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This article was published 24/9/2013 (1399 days ago), so information in it may no longer be current.
Given his enduring popularity as a TV star, Michael J. Fox would really have had to make a mess of his new NBC sitcom in order for it to be anything but a hit.
And he hasn't. The Michael J. Fox Show isn't exactly a laugh riot, but it's the kind of TV comedy whose well-written and deftly delivered combination of smarts, sweetness and gentle humour could carry it a long way.
The Michael J. Fox Show takes a semi-autobiographical approach to bringing the Canadian-born actor back to prime time.
Fox plays Mike Henry, a popular local TV news anchor in New York City who has been away from his job for five years, having taken time off after being diagnosed with Parkinson's disease. His old boss, Harris Green (Wendell Pierce), approaches him with the idea of returning to work.
With his health stabilized and his kids sufficiently grown that they don't require daily doting, Mike says he'll consider the option. When he breaks the news to the family, the reaction isn't quite what he expected -- rather than expressing sadness that Dad might be spending long days at the office, wife Annie (Betsy Brandt) and the three young'uns are thrilled by the notion that their every move won't be Mike-ro-managed by an overenthusiastic spouse/parent.
The series premi®re does a good job of setting up the show's premise (though, given Fox's enduring appeal, not much explanation is necessary), and it quickly establishes Pierce and Brandt as his equals when it comes to carrying the show's comedic load.
Wisely, two subsequent episodes provided for preview focus much less on Fox/Henry's medical condition and more on the dual-focused family/workplace narrative. Episode 2 features an appearance by Fox's real-life wife, Tracy Pollan, as an attractive new upstairs neighbour who seems to develop a crush on Mike, and Episode 3 introduces Anne Heche as Henry's newsroom nemesis, Susan Rodriguez-Jones, who becomes extra-competitive when Mike's daughter, Eve (Juliette Goglia) begins an internship at the TV station.
As mentioned earlier, The Michael J. Fox Show doesn't fall into the laugh-out-loud-hilarious comedy category; rather, it's an old-style, warm-hearted sitcom about family love and friends/co-workers support. Think The Cosby Show, or perhaps Fox's first TV hit, Family Ties, and you're on the right track.
It isn't cloying. It doesn't go for the cheap laugh. And it doesn't play to a lowest common denominator. It's a thoughtful, intelligent comedy filled with instantly likable characters and that -- along with the fact everybody loves Michael J. Fox -- should be enough to make it a ratings winner.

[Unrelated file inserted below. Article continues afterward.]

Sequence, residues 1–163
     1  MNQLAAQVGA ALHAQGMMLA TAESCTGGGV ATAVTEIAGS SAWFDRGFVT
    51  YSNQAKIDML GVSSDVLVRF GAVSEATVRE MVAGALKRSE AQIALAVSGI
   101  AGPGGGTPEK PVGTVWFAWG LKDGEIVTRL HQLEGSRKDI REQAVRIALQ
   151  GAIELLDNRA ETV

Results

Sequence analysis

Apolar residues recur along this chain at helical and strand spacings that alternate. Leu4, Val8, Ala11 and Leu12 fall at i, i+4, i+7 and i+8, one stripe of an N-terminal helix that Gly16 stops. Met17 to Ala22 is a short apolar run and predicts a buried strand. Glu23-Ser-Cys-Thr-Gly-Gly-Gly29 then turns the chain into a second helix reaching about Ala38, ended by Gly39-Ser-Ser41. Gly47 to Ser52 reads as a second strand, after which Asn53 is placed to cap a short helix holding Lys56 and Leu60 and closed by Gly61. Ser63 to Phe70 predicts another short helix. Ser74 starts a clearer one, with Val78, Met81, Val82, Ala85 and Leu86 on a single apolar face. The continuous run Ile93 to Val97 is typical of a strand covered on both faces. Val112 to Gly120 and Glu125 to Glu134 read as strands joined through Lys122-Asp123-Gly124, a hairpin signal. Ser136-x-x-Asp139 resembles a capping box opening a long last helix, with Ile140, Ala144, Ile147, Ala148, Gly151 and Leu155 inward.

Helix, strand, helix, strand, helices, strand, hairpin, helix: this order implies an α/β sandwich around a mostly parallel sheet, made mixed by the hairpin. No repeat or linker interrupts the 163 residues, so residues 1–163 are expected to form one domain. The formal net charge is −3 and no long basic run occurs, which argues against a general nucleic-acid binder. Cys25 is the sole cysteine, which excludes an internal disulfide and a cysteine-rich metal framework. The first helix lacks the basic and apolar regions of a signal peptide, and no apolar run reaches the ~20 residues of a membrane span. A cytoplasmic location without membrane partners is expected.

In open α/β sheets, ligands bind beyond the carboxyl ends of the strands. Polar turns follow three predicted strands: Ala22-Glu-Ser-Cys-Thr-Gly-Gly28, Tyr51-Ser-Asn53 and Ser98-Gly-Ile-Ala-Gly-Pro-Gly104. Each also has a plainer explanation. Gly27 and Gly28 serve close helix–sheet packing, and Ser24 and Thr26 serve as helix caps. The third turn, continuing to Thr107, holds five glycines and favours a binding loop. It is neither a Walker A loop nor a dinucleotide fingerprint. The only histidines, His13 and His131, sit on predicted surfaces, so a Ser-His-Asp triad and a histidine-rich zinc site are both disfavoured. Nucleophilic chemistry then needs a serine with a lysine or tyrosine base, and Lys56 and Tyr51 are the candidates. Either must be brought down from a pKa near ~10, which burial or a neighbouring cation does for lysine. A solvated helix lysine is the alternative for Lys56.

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Batting for average: It's the year of the cranky grandpa in new prime-time comedies, and it's entirely possible that James Caan could be bringing the crankiest, crustiest of all the old-timers to the rookie roster.
Caan co-stars in the new ABC comedy Back in the Game, which premi®res tonight at 8:30 in a comfortable time slot between two established sitcoms, The Middle and Modern Family.
He portrays Terry (The Cannon) Gannon, a washed-up former baseball player who never quite had the stuff to be a major-league star and certainly didn't have what it took to be a first-class parent. He's basically frittering away his twilight years, guzzling beer and complaining about his life's failings, when his daughter, Terry Gannon Jr. -- that's right, his daughter, played by Maggie Lawson -- returns home with a hard-luck story more depressing than his own.
A former all-star softball player who lost her college scholarship and had her no-account husband walk out, leaving her scrambling to re-start her life as a single mom, Terry Jr. has no other options apparent, so she moves in with the Cannon and tries her best to keep her son, Danny (Griffin Gluck), from falling under his layabout granddad's influence.
Of course, she can't succeed, particularly after Danny expresses an interest in Little League and Terry Jr. is forced to coach a team of outcasts cut from the A-team so Danny will have a place to play. She can't do it alone, so the Cannon is called out of the late-in-life bullpen to help.
Back in the Game is more than a bit rough around the edges; it has some serious flaws, including Caan's apparent desire to scenery-chew his way through every on-screen moment. Thankfully, however, Lawson brings a level of believable heart that counteracts Caan's excess.
It won't rate as a home run on anybody's scorecard, but the series premi®re does just enough to get Back in the Game to first. After that, it'll be up to viewers to decide if this one advances or gets tagged out on the basepaths.
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